And Kevin's advice is sound.

my LSR four speed also doesnt like quick shifts. it will bounce right back out, even with the plunger spring shimmed. i pull the clutch, count one, two, shift, and then1 open it up


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Originally Posted by kevin
Originally Posted by Mike Baker
I roadrace a 4 speed. If I don't take my time to deliberately clutch and shift, it WILL wind up where it shouldn't be. A 4 speed is a tough gearbox but it is not a modern design and you cannot expect it to shift like a Honda.
And Kevin's advice is sound.

my LSR four speed also doesnt like quick shifts. it will bounce right back out, even with the plunger spring shimmed. i pull the clutch, count one, two, shift, and then1 open it up

Thanks for the advice. I was taking time to between changes to let the revs drop before changing, it definitely worked better when the revs we’re as low as possible.

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So.... I have spent the evening yesterday going through a few jobs. First I took off the primary cover and checked that the tension on the clutch pressure plate was even and that it spun true when kicked with the clutch in. It was spot on, no wobble... all nice and even.

Next i removed the gearbox outer cover and checked the plungers and springs. All seemed fine although the top one had a couple of knicks in them, all looked fine. I replaced the plungers, springs and lever return springs with the new LF Harris. The new plungers had a smaller step than the ones I pulled out, but don't see if that would make any difference?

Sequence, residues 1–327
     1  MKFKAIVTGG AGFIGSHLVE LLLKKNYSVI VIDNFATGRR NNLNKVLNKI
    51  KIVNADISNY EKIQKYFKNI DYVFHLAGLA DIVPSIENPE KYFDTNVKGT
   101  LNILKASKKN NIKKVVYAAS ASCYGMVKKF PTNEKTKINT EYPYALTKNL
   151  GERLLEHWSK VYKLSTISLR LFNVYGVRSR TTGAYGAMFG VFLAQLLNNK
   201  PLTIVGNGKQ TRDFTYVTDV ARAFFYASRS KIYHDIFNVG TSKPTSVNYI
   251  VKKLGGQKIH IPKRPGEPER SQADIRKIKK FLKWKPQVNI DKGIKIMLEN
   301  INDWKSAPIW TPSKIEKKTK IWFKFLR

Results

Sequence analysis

I put it all back together again, and then ran through the gears by hand, whilst using my other hand to rock the rear wheel.

Each change has two stages, one where the lever moves to allow the plunger to engage the teeth on the quadrant, and then the second where the quadrant, cam and followers move and engages the gear. I change up to 1st, 2nd and 3rd without any problems.... but at 4th gear it quite often feels like the first stage is happening but it won't go any further and move the quadrant. If I push down slightly on the lever and then back up I can sometimes get it all the way into 4th. Sometimes it's fine, othertimes it just won't do it.

It also finds a neutral between 3rd and 4th.

I can go down all the gears better than up.

I haven't ridden it yet, so not sure how it will be affecting by a running engine, but will try to get out for a little blast later today.

What I didn't check was the tapered edges of the plate that hold the plungers in, and if there was any damage. I'm also wondering if there may be any issues with the cam plate? I'm at a loss to be fair so any help as to where to look next would be much appreciated. Many thanks.

Last edited by Scotto75; 01/29/22 10:29 am.
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Originally Posted by Scotto75
The new plungers had a smaller step than the ones I pulled out, but don't see if that would make any difference?